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OSHA penalty upheld in trampling death of Wal-Mart worker

Shopper stampedes in your store that kill or injure workers are your responsibility.
That’s the message Chief Administrative Law Judge Covette Rooney of the independent Occupational Safety and Health Review Commission has given Wal-Mart for inadequate crowd management following a November 2008 trampling death of a worker at one of the company’s retail locations in New York.
The U.S. Department of Labor’s Occupational Safety and Health Administration praised the ruling, which upholds a previous finding by the workplace safety enforcement agency.
Rooney upheld the citation and full penalty ($7,000) issued to Wal-Mart Stores Inc.
“This is a win for both workers and consumers. It’s only fitting that today, on the 100th anniversary of the deadly Triangle Shirtwaist Factory fire in New York City where 146 workers lost their lives, a judge affirmed OSHA’s right to use the general duty clause of the Occupational Safety and Health Act to enforce the law and protect the safety and health of workers,” said Assistant Secretary of Labor for Occupational Safety and Health Dr. David Michaels.
“Today’s ruling supports OSHA’s position that, even in the absence of a specific rule or standard, employers are still legally responsible for providing a place of employment free of recognized hazards that are likely to cause serious injury or death. If not properly managed by retailers, a large crowd poses a significant threat to the lives of workers and customers.”
In May 2009, OSHA cited Wal-Mart Stores Inc. for inadequate crowd management, concluding an investigation launched after a worker was trampled to death on Nov. 28, 2008, at a Wal-Mart store in Valley Stream, N.Y. The worker was knocked to the ground and crushed by a crowd of about 2,000 shoppers surging into the store for its annual “Blitz Friday” holiday sales event. OSHA’s inspection found that the store’s workers were at risk of being crushed by the crowd due to the store’s failure to implement reasonable and effective crowd management practices. Those practices would have provided the store’s workers with the necessary training and tools to safely manage a large crowd of shoppers.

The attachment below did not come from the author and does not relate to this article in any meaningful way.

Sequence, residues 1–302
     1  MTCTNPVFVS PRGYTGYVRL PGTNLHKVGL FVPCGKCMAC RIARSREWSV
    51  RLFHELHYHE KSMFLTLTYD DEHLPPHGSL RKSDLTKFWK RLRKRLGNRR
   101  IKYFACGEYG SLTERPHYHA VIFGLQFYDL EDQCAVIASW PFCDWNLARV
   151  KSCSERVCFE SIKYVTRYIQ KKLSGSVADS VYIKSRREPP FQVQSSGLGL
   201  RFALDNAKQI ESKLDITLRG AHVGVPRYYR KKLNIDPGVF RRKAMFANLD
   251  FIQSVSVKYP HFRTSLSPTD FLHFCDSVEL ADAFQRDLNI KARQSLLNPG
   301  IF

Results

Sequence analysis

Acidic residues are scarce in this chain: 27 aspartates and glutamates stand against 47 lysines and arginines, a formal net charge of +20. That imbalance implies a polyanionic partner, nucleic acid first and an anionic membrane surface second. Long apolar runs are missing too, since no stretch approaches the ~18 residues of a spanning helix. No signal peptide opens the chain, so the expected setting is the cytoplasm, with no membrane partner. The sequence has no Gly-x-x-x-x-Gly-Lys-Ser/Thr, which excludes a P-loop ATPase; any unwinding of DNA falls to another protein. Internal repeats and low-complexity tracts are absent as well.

Under the OSH Act’s general duty clause, OSHA issued Wal-Mart Stores Inc. one serious citation for exposing workers to the recognized hazards of asphyxiation or being crushed by a crowd. The citation carried a proposed fine of $7,000, the maximum penalty amount for a serious violation allowed under the law. A violation is serious when death or serious physical harm is likely to result from a hazard about which the employer knew or should have known.
“During the course of OSHA’s investigation, the company implemented crowd control measures storewide, and the National Retail Federation also promoted those practices to its members,” said Michaels. “We praise that action, and urge all retailers to implement crowd management practices ahead of future sales events likely to draw large crowds.”
Ted Carter/MBJ Staff


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One comment

  1. Wow.. The “general duty clause” in action. At the end of the day, the employer is totally responsible for providing a workplace that is free of hazards or potential hazards. Once you have addressed all of the standards you must take a step back and ask yourself: What could go wrong? Employers on on the hook no matter what but we need to prevent as much as we can as incidents impact the bottom line. That’s the bottom line I guess.

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